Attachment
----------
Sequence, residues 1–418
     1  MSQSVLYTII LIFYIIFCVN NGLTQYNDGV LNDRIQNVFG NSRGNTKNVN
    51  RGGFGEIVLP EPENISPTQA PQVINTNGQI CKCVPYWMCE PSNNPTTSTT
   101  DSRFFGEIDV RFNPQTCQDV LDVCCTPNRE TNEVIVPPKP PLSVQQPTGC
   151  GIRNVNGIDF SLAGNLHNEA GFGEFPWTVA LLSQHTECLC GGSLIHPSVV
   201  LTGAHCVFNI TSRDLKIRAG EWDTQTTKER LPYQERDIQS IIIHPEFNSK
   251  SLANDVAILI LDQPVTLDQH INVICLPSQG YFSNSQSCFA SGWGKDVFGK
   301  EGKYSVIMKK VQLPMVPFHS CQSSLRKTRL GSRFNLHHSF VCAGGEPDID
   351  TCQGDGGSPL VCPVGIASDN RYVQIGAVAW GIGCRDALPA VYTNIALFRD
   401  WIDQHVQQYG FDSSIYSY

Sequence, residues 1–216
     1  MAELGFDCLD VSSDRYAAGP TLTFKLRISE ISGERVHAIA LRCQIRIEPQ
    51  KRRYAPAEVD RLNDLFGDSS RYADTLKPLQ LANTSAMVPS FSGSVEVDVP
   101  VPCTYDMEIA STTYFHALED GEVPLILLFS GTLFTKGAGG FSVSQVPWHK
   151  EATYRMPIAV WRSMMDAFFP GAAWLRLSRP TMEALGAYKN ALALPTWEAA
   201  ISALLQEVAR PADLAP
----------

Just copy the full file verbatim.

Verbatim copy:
Sequence, residues 1–418
     1  MSQSVLYTII LIFYIIFCVN NGLTQYNDGV LNDRIQNVFG NSRGNTKNVN
    51  RGGFGEIVLP EPENISPTQA PQVINTNGQI CKCVPYWMCE PSNNPTTSTT
   101  DSRFFGEIDV RFNPQTCQDV LDVCCTPNRE TNEVIVPPKP PLSVQQPTGC
   151  GIRNVNGIDF SLAGNLHNEA GFGEFPWTVA LLSQHTECLC GGSLIHPSVV
   201  LTGAHCVFNI TSRDLKIRAG EWDTQTTKER LPYQERDIQS IIIHPEFNSK
   251  SLANDVAILI LDQPVTLDQH INVICLPSQG YFSNSQSCFA SGWGKDVFGK
   301  EGKYSVIMKK VQLPMVPFHS CQSSLRKTRL GSRFNLHHSF VCAGGEPDID
   351  TCQGDGGSPL VCPVGIASDN RYVQIGAVAW GIGCRDALPA VYTNIALFRD
   401  WIDQHVQQYG FDSSIYSY

Sequence, residues 1–216
     1  MAELGFDCLD VSSDRYAAGP TLTFKLRISE ISGERVHAIA LRCQIRIEPQ
    51  KRRYAPAEVD RLNDLFGDSS RYADTLKPLQ LANTSAMVPS FSGSVEVDVP
   101  VPCTYDMEIA STTYFHALED GEVPLILLFS GTLFTKGAGG FSVSQVPWHK
   151  EATYRMPIAV WRSMMDAFFP GAAWLRLSRP TMEALGAYKN ALALPTWEAA
   201  ISALLQEVAR PADLAP